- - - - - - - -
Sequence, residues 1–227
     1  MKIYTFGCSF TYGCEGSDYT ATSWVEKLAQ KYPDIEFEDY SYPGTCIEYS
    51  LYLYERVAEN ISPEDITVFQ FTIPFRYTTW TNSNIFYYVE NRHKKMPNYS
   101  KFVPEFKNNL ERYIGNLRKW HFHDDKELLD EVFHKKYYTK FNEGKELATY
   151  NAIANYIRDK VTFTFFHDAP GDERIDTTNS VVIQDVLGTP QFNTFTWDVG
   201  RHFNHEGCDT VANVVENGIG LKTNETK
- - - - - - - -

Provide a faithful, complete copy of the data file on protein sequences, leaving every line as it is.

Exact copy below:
Sequence, residues 1–227
     1  MKIYTFGCSF TYGCEGSDYT ATSWVEKLAQ KYPDIEFEDY SYPGTCIEYS
    51  LYLYERVAEN ISPEDITVFQ FTIPFRYTTW TNSNIFYYVE NRHKKMPNYS
   101  KFVPEFKNNL ERYIGNLRKW HFHDDKELLD EVFHKKYYTK FNEGKELATY
   151  NAIANYIRDK VTFTFFHDAP GDERIDTTNS VVIQDVLGTP QFNTFTWDVG
   201  RHFNHEGCDT VANVVENGIG LKTNETK